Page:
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The Ongoing Mexico Crisis -- Blaming American Gun Owners

Friday, March 20, 2009

Congress has jumped in with both feet when it comes to the crisis of violence in Mexico, and the usual suspects are once again blaming American gun owners and American gun laws.  This week there were two more hearings, one in the Senate Judiciary Subcommittee on Drugs and Crime, and the other in the House Foreign Affairs subcommittee on Western Hemisphere.  In both cases, anti-gun politicians such as Senators Dick Durbin and Dianne Feinstein, and Congressman Eliot Engel, blamed American gun laws for the crisis.  Fortunately, in both hearings, gun rights supporters in Congress stood up for American gun owners. 

In the House subcommittee hearing, Chairman Engel made it clear from the onset he viewed this issue from one perspective: guns. His solution to the ultra violent Mexican drug cartels is to blame American gun owners and American gun laws. 

Kristen Rand, the Legislative Director of the Violence Policy Center, repeated the unsubstantiated claim that 90% of guns seized from the cartels come from the U.S., blamed America's gun laws and called for BATFE to use the broadest possible interpretation of the "sporting purposes" test to ban a much larger class of semi-auto rifles. 

Congressman Connie Mack (R-Fla.), however, challenged Rand's claim that 90% of guns seized from the cartels are from the United States.  Rand cited the Bureau of Alcohol, Tobacco, Firearms and Explosives (BATFE) for her claim. But the BATFE has only stated that 90% of the guns traced are from America.  BATFE only traces a fraction of the guns seized; those firearms are not selected randomly, but are likely selected because they are the guns most likely to have come from the U.S.  Trace data reveals nothing about the large number of guns that are not traced. 

In defending her call to ban the import of all "assault rifles" into America, Rand admitted she had no idea how many of those guns were subsequently smuggled into Mexico.  But a recent article in the Los Angles Times may shed some light on the real source of the cartels' weapons.  The article describes the military arms being used by cartels in their battles with the Mexican army and federal police, and how those weapons are entering Mexico not through the U.S., but through Central America

In the Senate Judiciary subcommittee, Chairman Durbin also made it clear he thought American guns, and not drug lords, drug users or illegal gun traffickers are the cause of violence in Mexico. Durbin had a terse exchange with Senator Jeff Sessions when Senator Sessions stated that American guns were not the problem.  Durbin snapped back at the Senator from Alabama, stating his firm belief that guns were indeed the problem. 

In addition to Durbin, Senator Dianne Feinstein used this forum to express her long opposition to American gun owners' rights.  In her remarks she made it clear she intends to use this crisis as an excuse to promote new gun laws here at home. During her remarks, she repeated the claim that 90% of seized guns come from America, and also stated that there are over 2,000 guns smuggled into Mexico from the U.S. each day.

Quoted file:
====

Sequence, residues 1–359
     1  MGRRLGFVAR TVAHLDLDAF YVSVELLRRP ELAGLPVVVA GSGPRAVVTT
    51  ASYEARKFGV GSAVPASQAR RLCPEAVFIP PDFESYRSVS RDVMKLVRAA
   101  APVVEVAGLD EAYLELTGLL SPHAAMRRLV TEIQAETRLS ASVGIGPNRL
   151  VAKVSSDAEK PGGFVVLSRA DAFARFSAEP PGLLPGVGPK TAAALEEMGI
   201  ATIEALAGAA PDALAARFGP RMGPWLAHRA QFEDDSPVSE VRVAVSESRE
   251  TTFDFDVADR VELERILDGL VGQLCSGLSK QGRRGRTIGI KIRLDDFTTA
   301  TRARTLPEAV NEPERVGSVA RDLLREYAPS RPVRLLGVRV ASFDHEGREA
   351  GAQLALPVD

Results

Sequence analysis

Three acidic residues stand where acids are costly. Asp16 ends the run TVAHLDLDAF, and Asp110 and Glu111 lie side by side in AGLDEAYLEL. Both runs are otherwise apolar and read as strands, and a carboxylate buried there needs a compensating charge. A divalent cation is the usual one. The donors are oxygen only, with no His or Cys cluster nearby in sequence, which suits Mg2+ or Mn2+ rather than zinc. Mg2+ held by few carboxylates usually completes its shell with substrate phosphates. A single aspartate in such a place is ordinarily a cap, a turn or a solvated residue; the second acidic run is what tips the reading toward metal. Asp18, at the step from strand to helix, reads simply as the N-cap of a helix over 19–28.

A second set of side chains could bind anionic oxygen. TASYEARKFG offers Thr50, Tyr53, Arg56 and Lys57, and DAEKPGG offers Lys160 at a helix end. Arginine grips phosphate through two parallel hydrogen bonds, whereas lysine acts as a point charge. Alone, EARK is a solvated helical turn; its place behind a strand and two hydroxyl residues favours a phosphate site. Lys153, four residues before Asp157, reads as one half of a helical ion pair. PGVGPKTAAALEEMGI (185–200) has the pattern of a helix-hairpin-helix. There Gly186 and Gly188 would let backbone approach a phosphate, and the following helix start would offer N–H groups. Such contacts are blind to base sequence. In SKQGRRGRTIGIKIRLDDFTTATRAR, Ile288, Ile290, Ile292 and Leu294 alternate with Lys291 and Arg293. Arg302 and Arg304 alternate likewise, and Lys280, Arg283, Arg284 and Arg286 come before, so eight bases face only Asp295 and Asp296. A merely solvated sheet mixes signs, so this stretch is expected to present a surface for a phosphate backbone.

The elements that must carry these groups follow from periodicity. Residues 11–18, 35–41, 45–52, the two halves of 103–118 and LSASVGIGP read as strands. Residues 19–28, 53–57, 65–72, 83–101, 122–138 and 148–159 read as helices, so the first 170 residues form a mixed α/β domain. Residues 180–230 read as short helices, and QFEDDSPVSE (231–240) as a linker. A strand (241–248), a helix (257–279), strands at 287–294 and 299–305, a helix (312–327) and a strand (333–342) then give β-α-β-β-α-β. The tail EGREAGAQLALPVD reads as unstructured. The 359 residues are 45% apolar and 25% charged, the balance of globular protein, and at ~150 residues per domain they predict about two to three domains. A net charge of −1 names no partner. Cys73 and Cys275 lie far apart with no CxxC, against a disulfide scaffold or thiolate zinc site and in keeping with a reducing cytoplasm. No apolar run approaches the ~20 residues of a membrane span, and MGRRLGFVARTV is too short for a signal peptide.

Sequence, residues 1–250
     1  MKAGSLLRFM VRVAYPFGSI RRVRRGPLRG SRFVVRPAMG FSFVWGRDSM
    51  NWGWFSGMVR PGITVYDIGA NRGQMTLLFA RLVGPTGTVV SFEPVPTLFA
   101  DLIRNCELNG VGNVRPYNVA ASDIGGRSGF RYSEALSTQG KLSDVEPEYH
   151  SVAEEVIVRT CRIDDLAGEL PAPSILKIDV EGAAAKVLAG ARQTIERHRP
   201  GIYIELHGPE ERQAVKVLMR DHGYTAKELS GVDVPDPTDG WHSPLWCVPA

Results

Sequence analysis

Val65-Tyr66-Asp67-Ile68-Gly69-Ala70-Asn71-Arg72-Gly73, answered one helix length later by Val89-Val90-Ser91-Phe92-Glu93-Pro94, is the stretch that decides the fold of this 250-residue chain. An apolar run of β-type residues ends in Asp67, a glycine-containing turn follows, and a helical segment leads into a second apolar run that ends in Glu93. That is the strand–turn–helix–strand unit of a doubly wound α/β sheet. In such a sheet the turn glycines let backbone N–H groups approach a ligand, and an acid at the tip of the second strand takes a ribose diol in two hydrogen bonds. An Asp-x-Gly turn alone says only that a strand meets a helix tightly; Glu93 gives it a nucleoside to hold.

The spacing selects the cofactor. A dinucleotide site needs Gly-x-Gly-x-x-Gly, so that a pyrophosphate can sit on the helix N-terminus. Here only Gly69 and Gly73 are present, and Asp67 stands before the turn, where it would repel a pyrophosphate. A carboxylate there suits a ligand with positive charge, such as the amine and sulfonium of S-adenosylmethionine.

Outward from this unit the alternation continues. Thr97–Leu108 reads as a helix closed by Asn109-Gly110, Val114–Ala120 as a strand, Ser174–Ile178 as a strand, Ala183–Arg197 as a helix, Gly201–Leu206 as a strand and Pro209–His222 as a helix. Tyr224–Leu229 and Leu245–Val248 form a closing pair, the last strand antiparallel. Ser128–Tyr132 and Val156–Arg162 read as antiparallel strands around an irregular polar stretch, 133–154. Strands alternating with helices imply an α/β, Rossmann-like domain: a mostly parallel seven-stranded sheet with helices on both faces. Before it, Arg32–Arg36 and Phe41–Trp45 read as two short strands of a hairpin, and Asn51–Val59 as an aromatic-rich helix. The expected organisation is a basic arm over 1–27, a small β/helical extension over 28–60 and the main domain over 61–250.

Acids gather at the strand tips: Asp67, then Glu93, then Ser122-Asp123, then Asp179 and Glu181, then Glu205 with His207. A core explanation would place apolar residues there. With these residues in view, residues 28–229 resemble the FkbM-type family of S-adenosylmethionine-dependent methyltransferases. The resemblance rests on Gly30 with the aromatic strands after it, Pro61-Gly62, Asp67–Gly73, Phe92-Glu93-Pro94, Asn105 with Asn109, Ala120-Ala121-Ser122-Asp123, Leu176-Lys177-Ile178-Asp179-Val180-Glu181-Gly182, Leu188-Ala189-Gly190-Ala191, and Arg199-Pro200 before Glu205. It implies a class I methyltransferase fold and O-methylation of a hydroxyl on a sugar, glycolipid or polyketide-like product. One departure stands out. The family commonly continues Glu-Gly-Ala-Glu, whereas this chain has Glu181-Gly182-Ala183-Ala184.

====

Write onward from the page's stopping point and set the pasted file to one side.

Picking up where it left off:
Feinstein even tried to elicit support for that number from a representative from the BATFE. But when he responded that the number was much lower, most likely in the hundreds, Senator Feinstein was clearly unhappy that he would not endorse her anti-gun soundbite. 

Not everything that came out of the hearings was negative.  In the Senate hearing, Senator Sessions made it clear that American gun rights should not be sacrificed.  His statement of support sent the message to anti-gun senators that they would find strong opposition to their efforts to use the Mexico crisis as an excuse to undermine those rights. 

Additionally, three representatives of U.S. law enforcement, one each from BATFE, Drug Enforcement Agency, and Immigration and Customs Enforcement, made it clear that the increase in violence in Mexico is being misinterpreted by the media and politicians. They testified that the increase in violence is a direct result of the actions taken by Mexican President Felipe Calderon to take on the cartels.  The cartels, they testified, are being pressured more than ever before and are fighting back in desperation, resulting in casualties. But in the end, they believed, the battle to shut down the cartels would be won. 

For American gun owners, the battle will be to make sure that our Second Amendment rights are not sacrificed by scheming anti-gun politicians who see an opportunity to advance their gun ban agenda. 

NRA-ILA will continue to closely monitor all activities relating to the crisis in Mexico and will keep our members informed.  If you wish to view the hearings, please use the following links. 

House Foreign Affairs Subcommittee on Western Hemisphere: "Guns, Drugs and Violence: The Merida Initiative and the Challenge in Mexico" 

Senate Judiciary Subcommittee on Crime and Drugs: "Law Enforcement Responses to Mexican Drug Cartels"
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NRA ILA

Established in 1975, the Institute for Legislative Action (ILA) is the "lobbying" arm of the National Rifle Association of America. ILA is responsible for preserving the right of all law-abiding individuals in the legislative, political, and legal arenas, to purchase, possess and use firearms for legitimate purposes as guaranteed by the Second Amendment to the U.S. Constitution.